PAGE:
The above post constitutes my personal opinion on the facts in the post compared with my personal knowledge of the applicable legislation. I make no guarantees of its legal accuracy. If you are in doubt seek advice of a legal professional specialising in the area concerned.

 

If my post has helped you please click my scales!

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  • 2 years later...

I know it's been a long time but just wanted to add how it ended and the details of the company (which I originally omitted) for anyone else having problems with them. I forgot to do this at the time (haven't been back here in a while).

 

It was LambdaTek and the drive was a Seagate Freeagent Xtreme [sT315005FPD2E3-RK]. After explaining the situation (and the law) to them, as outlined above, I received the standard 'return for replacement' email from Seagate (forwarded to me by LambdaTek). When I reiterated my intention to obtain a refund, not a replacement, pointed out that my address had changed (which would prevent them forcing a replacement on me against my wishes) and asked them to take into account the £16.50 I'd had to pay in postage for the returns, in my refund, I got the following reply:

 

Dear Mr _____

 

Please return the drive with all the accessories that originally came with it. Please note that both returns were logged outside the dead on arrival period which is 28 days from receipt and therefore we may not be able to refund the postage.

 

However on this occasion and to avoid you any further troubles with the product we have requested Seagate to direct the replacement unit to our office instead so we can refund you for the order.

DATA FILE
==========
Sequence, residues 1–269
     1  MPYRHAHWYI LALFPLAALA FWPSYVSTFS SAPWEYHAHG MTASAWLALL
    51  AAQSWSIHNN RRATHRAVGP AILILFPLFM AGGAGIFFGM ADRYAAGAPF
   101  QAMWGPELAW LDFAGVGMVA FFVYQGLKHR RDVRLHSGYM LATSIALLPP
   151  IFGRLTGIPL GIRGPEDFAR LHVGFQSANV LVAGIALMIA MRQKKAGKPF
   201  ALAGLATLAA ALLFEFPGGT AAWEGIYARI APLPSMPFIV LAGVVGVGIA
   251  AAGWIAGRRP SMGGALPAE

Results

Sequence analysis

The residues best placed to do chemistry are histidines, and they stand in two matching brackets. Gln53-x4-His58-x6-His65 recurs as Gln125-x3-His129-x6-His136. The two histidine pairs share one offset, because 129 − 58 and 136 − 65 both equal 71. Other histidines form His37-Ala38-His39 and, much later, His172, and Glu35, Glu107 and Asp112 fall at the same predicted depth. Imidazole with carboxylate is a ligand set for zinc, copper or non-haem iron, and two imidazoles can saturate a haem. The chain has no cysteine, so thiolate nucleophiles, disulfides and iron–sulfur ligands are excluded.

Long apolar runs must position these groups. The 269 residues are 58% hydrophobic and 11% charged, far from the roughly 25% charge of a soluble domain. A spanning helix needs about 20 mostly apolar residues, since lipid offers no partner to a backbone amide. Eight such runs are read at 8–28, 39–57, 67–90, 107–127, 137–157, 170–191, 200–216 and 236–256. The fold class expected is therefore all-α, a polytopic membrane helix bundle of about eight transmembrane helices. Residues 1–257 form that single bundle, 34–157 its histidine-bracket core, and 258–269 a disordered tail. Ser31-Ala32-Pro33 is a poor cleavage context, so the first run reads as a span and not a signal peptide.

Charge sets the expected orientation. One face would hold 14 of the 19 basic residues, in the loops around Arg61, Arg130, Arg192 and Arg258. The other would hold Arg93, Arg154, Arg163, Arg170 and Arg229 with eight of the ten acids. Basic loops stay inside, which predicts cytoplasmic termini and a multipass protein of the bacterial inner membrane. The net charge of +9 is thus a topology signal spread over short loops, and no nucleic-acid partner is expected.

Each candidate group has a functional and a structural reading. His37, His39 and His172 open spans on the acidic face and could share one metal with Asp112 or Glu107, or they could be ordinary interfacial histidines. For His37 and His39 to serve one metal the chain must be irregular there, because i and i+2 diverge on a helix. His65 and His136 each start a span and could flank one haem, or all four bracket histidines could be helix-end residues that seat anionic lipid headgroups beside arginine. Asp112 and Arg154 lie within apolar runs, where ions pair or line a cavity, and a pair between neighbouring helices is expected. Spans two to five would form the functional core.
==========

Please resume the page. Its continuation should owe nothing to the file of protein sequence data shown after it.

I hope this would be a satisfactory resolution for this matter

 

 

Best Regards

 

Soultan

The LambdaTek Customer Services

Office phone : 01865 791055 / Fax : 01865 791057

 

Not only did they refuse to repay the £16.50 postage I paid to return both drives to Seagate on their behalf; they also failed to refund the postage of £8.62 I paid for the shipping of the original item; and withheld the 'refund' until they received the replacement drive from Seagate, despite confirmation by Seagate of receipt of the faulty drive from me and subsequent notification of the shipping of their replacement. The promised 'refund' never actually happened either - they gave me a credit note for the price of the drive only (£158.31).

 

Despite the obvious legal issues with their behaviour and the principle of the thing, because I needed a replacement drive in a hurry (and needed to use those funds for the purchase), I swallowed the loss of the £25.12 and ordered an alternative drive from them for £157.01, although having to pay the excess of £7.32 towards the £8.62 postage added insult to injury. On the upside: the Buffalo Linkstation Live I got as a replacement is excellent and still going strong 3 years later. I have since bought several more of them from other retailers but have never dealt with LambdaTek again (and never will).

 

It is some comfort to me that LambdaTek have since gone from being among the cheapest sources of components on the internet to almost total obscurity (they rarely even show up in price comparisons these days and are always outpriced): I like to think that this must be due to a massive drop in volume because of their appalling attitude and business practices, resulting in many other buyers voting with their feet.

 

Anyway, for those with similar problems: what this episode taught me is that I would have been much better off going down the CCA route with the card provider - they would have had to refund the whole sum I originally paid (£158.31 + £8.62 postage); this would have been restored to the card account immediately; and LambdaTek would have been responsible for recovering the drive from me at their own expense. I would have saved an additional £16.87, been saved the long delay and been free to order my replacement from wherever I chose (probably saving an additional £8.25 by getting free postage elsewhere). The card provider would have been likely to take a more robust approach with LambdaTek in ensuring they recovered the original payment in full (which I assume is why LambdaTek offer bonus credit towards future purchases for paying with a debit card instead of a credit card). The fact that LambdaTek offer incentives to those willing to forfeit their chargeback rights should ring alarm bells....